If the key stage 2 tests are cruel and damaging for children, then the key stage 1 tests for those as young as six must be bordering on abuse. The condemnation of the KS2 Sats has become synonymous with the condemnation of testing.
A high proportion of schools boycotted this year's tests because of the harmful effect they have had on schools. And while there is no doubt that Sats are deeply pernicious, identifying testing as the problem is not a fair assessment. Think of the tests you set your class - spelling and times tables, for example. They aren't arduous, the kids don't lose sleep worrying about them, and you don't have to skip PE lessons to fit in mock exams in preparation. You might say that that is entirely different because those are internal tests for your own informal assessment. And it is different - the crucial difference being the purpose of the tests.
And herein lies the problem. Your tests are aiming to find out where your class is and to motivate them to try their hardest. You are also trying to gauge how successful your teaching has been. In this informal scenario, you, the teacher, feels no pressure to tailor your teaching to ensure that pupils perform to a certain level. If for example, you told the class that you were only testing them on words beginning with "t", you know that they would practise only words beginning with "t" - a completely undesirable outcome, because it would be much less informative for you.
And you wouldn't coach the kids with a pre-test spelling crammer because the results would indicate how well you had prepped them rather than what they had absorbed in lessons. But, as obvious as that is, as we all know it is precisely this type of narrowing and coaching which has accompanied Sats.
Teaching to the test, not testing per se, has made Sats so problematic. Both results and the teaching and learning experience have become distorted. A Civitas survey of secondary school teachers revealed that 79 per cent had found that up to a third of their Year 7 cohort's abilities were lower than their KS2 Sats results. This encapsulates the pressure which has taken Sats hostage. The reality is that the stress which pupils experience in Sats is teacher, not test, induced.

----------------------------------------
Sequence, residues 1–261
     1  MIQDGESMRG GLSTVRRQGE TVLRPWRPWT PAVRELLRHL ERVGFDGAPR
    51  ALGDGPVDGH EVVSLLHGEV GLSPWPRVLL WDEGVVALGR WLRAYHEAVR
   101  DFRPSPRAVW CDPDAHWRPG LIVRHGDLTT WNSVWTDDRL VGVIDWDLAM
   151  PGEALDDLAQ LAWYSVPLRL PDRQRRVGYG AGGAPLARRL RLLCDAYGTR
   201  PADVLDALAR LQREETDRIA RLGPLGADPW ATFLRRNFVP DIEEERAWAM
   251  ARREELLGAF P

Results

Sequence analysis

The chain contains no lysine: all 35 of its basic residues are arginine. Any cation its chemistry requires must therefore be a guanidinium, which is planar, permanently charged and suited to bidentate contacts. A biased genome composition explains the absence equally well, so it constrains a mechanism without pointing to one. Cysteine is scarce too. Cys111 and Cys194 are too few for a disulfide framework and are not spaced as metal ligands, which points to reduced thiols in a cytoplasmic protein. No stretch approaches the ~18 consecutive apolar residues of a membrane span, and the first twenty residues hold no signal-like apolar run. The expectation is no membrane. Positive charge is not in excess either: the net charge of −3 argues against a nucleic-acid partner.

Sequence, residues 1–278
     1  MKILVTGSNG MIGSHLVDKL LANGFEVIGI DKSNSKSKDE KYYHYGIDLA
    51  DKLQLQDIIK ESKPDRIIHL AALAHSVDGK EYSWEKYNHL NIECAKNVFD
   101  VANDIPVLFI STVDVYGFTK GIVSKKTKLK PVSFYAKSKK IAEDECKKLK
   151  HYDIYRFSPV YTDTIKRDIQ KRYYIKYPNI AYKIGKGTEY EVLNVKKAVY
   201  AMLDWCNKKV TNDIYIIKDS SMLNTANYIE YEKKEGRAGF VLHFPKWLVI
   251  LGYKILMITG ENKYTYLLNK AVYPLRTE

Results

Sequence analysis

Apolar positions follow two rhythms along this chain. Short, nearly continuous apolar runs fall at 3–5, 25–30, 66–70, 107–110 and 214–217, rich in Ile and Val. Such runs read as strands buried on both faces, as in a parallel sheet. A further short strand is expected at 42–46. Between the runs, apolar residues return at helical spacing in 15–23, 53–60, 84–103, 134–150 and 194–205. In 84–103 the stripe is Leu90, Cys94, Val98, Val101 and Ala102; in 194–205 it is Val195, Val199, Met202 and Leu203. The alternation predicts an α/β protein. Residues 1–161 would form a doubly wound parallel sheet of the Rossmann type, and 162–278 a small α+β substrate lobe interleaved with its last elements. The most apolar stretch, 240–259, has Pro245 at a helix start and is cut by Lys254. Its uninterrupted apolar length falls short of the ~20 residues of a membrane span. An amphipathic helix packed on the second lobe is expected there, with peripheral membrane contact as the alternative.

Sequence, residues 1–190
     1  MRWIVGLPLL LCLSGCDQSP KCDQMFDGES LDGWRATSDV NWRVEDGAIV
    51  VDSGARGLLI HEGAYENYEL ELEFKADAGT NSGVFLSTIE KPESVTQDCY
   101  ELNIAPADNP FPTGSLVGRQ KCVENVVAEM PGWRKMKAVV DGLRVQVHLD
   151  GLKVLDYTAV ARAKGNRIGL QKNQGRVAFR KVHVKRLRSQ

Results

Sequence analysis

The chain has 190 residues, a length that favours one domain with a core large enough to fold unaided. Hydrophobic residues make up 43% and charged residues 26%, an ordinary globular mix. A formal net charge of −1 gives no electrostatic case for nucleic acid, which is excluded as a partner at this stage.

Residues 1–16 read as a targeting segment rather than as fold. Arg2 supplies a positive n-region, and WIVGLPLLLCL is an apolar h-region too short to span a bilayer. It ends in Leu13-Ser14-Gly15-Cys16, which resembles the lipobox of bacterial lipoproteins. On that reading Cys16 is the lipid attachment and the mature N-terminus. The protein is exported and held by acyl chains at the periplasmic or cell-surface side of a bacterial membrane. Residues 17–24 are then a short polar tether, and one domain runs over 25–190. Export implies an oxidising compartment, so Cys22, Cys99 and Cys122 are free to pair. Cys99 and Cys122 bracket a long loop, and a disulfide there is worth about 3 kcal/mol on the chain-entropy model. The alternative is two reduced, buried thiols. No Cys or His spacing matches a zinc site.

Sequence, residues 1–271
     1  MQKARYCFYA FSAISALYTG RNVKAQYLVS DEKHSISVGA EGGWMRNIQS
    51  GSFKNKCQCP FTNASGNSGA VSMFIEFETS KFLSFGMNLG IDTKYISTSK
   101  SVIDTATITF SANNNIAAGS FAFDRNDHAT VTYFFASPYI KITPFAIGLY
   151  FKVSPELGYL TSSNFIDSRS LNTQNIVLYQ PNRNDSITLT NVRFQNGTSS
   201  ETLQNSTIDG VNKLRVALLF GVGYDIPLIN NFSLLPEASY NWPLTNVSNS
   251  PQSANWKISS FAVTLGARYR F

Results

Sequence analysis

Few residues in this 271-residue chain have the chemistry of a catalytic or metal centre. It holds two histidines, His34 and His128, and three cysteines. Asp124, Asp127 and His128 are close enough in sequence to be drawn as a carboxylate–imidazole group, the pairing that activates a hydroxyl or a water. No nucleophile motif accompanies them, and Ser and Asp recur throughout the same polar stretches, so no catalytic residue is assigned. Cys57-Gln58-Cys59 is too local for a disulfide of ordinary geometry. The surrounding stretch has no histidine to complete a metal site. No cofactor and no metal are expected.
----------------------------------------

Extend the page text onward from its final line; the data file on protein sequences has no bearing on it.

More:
The response to a decline in this year's KS2 science results was that an end to testing had put an end to artificially inflated results. However, what has turned the situation around is not the end of testing but the end to the pressure of hitting the correct benchmark. Because it is the pressure to prove children have achieved the "correct" level, rather than the pressure of testing which is causing problems, teacher assessment will not solve the problem. As long as teachers have to demonstrate the proficiency of pupils in their assessments, rather than assess them, it doesn't matter what gauge is used, it will always be distorted.
This has been showcased by the fact that the latest teacher assessment results were so similar to those in the externally marked tests. In light of the robust evidence showing externally marked Sats results to be inflated, the similarity between the two sets of results implies that the focus on reaching the expected level makes teacher assessment as vulnerable to distortions as the externally marked Sats tests.
This underlying pressure is also one of the main reasons value-added measures have not been the hoped-for panacea in primary testing. Despite diversified benchmarks, these still standardise the child and still require them to reach a certain level of improvement.
In short, it is the misuse, not use, of testing that is causing problems in primaries. Used appropriately, testing can be an invaluable tool for educators rather than a stick to beat them with. Assessing what a child knows in a subject and how they are able to marry content knowledge and skills provides useful information on many levels - for teachers, for parents and for those designing the curriculum (ideally, also teachers). And standardised testing can easily find room under the effective-testing umbrella.
A compelling argument for standardised testing, put forward by New York University educationalist Diane Ravitch, is that it can be a democratising tool. While we tend to regard testing as undemocratic in light of the achievement gap, Ravitch argues that standardised test scores can be seen as a more easily accessible way of understanding how your child is doing at school - without having to understand the education system. In line with this, survey evidence from both sides of the Atlantic tends to show that parents are in favour of primary school testing.
But for primary school-level standardised testing to be a valuable tool, there are two prerequisites. First, it is imperative to recognise its limitations. In doing so, there must be parallel indicators of "performance". One of the greatest causes of the pressures associated with today's Sats has been an over-reliance - and therefore an over-emphasis - on test data. Schools have come to be judged almost solely on their Sats results, and instead of using broader gauges of school effectiveness Ofsted has increasingly narrowed in on results.
Second, "expected levels" need to be replaced with a more nuanced, broader scale of attainment. Fairly arbitrary expected levels have, completely inappropriately, turned Sats benchmarks into "qualifications". Yet what qualifies pupils is their time spent in primary school - not the scores on their Sats papers.
Anastasia de Waal is director of Family and Education, Civitas.